Cllr Ralph Bagge is the Leader of South Bucks District Council
I visited English Martyrs Roman Catholic Primary School in Tower Hamlets recently to be interviewed for BBC Breakfast about ‘no idling zones’ outside schools for programme’s feature on pollution and air quality. As Vice Chair of the NICE public health advisory committee which has been developing guidance on outdoor air quality, I’m happy to take every opportunity to publicise the issues and the way forward.
With hindsight, it’s apparent that Labour’s promotion of diesel cars through fiscal advantages was not as good for CO2 emissions reductions (due to the difference between lab economy tests and real world performance) as had been expected and was absolutely disastrous for nitrogen oxides (NOx) emissions. The problem with NOx is that there’s no safe minimum level of exposure and persistent exposure to it is harmful to lung function, leading to chronic obstructive pulmonary disease (COPD).
So why a school in Tower Hamlets? A report in the Evening Standard had listed it among the three worst schools in London for air quality and the head teacher had taken it upon herself to find out what she could do to protect the children in her care. The school is a stone’s throw from Aldgate East tube station and is surrounded by high rise office blocks and busy streets – the perfect topography to form a container which traps air pollution. So any traffic using the streets around the school increases the levels of NOx and particulate matter in the air.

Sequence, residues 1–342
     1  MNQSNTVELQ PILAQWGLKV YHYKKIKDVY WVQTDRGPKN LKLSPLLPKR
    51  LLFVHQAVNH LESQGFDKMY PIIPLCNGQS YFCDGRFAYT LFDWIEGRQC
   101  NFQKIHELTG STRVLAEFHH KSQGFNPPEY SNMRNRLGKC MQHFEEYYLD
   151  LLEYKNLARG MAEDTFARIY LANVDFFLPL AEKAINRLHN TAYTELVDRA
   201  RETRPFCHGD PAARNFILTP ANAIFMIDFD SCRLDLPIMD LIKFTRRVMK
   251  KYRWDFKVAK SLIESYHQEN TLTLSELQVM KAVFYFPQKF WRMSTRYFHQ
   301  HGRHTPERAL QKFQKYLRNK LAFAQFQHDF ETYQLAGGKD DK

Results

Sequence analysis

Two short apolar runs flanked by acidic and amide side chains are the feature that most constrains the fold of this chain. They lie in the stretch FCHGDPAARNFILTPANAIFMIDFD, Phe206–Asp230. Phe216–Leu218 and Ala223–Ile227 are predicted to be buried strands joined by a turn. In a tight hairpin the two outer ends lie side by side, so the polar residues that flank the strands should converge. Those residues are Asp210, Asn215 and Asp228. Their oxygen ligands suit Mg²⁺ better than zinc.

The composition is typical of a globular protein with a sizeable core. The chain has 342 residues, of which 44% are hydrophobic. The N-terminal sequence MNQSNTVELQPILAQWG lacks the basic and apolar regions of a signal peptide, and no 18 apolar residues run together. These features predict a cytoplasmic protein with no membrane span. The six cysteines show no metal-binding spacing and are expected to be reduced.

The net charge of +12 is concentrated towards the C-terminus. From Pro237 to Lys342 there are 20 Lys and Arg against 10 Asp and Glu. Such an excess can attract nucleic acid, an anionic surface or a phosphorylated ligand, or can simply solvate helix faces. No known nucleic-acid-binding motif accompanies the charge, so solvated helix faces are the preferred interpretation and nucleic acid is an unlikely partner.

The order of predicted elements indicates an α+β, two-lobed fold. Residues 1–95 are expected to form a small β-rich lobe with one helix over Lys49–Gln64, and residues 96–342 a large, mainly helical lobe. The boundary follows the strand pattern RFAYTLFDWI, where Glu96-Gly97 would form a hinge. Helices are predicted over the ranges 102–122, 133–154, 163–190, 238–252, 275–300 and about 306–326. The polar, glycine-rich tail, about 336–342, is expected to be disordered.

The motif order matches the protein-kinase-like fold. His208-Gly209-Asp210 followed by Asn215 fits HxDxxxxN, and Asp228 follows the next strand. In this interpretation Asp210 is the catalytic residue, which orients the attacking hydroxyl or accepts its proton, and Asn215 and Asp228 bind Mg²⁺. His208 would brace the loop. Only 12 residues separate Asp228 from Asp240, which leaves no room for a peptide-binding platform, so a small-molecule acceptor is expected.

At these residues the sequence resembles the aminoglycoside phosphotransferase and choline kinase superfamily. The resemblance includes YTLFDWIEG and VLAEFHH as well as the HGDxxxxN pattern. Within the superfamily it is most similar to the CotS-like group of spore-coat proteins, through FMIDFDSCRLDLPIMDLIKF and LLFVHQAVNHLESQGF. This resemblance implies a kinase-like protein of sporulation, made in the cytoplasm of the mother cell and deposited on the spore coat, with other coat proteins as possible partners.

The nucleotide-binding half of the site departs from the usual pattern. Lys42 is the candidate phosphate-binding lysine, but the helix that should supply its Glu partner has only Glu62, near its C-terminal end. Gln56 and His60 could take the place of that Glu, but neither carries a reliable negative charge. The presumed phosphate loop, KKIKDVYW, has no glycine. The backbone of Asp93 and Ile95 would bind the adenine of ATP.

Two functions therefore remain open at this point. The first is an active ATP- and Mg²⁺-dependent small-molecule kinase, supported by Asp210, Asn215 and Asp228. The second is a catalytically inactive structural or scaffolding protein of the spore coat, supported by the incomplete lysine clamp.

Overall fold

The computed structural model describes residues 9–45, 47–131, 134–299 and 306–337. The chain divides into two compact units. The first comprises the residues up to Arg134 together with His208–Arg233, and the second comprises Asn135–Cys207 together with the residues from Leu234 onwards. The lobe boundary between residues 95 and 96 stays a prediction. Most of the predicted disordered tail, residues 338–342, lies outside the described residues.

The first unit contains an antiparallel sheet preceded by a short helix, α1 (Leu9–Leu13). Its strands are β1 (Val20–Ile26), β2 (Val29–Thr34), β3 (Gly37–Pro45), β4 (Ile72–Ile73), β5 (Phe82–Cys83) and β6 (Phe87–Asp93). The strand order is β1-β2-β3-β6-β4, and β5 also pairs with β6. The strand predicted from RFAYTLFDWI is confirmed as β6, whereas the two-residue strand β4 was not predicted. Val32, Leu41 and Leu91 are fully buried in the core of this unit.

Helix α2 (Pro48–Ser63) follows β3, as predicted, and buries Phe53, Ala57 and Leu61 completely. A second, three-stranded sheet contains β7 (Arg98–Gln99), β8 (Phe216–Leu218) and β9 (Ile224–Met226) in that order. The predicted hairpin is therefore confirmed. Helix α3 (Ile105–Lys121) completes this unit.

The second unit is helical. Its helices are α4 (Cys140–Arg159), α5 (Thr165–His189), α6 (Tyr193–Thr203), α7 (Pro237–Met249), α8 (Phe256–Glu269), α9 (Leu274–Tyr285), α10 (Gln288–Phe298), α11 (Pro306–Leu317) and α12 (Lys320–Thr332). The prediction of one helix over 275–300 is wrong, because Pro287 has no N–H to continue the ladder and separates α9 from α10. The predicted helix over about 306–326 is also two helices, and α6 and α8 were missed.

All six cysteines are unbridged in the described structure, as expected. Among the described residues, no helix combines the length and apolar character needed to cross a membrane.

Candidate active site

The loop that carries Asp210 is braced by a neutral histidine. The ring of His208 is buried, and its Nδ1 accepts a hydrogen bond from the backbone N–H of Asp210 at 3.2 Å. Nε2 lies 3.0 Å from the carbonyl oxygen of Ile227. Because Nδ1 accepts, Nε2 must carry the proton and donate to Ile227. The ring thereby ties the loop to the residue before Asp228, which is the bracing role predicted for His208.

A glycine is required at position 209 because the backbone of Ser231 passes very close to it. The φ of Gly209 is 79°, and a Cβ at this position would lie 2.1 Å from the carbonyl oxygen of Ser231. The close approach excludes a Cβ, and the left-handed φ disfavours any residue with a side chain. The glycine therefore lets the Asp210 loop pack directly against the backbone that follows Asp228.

Parents waiting in cars with their engines idling at the end of the school day raise the pollution level significantly because there is little ventilation to dissipate the pollutants. In conditions like this, pollution is extremely localised, so any measures to reduce pollution levels will have a beneficial effect.
At English Martyrs, they used their poor air quality challenge as a project topic. The children were taught about the harmful effects of vehicle emissions and they did a rough and ready experiment, attaching pieces of cloth around the school boundary to discover how much particulate matter was in the air. They learnt about the benefits of walking and scooting to school and the children persuaded their parents to take them to school on foot rather than by car. The results are impressive – car usage is down from 16 out of 30 per class to only three in 30.
English Martyrs is a small oasis in an ocean of pollution. Yet it shows that baseline data, local measures and local action can result in positive changes. The challenge for the sector, when the NICE guidelines are published in June is to identify local air pollution hot spots and find cost-effective ways of making a difference. No idling zones, promoted by effective communication and engagement of those most at risk, could well be part of the answer.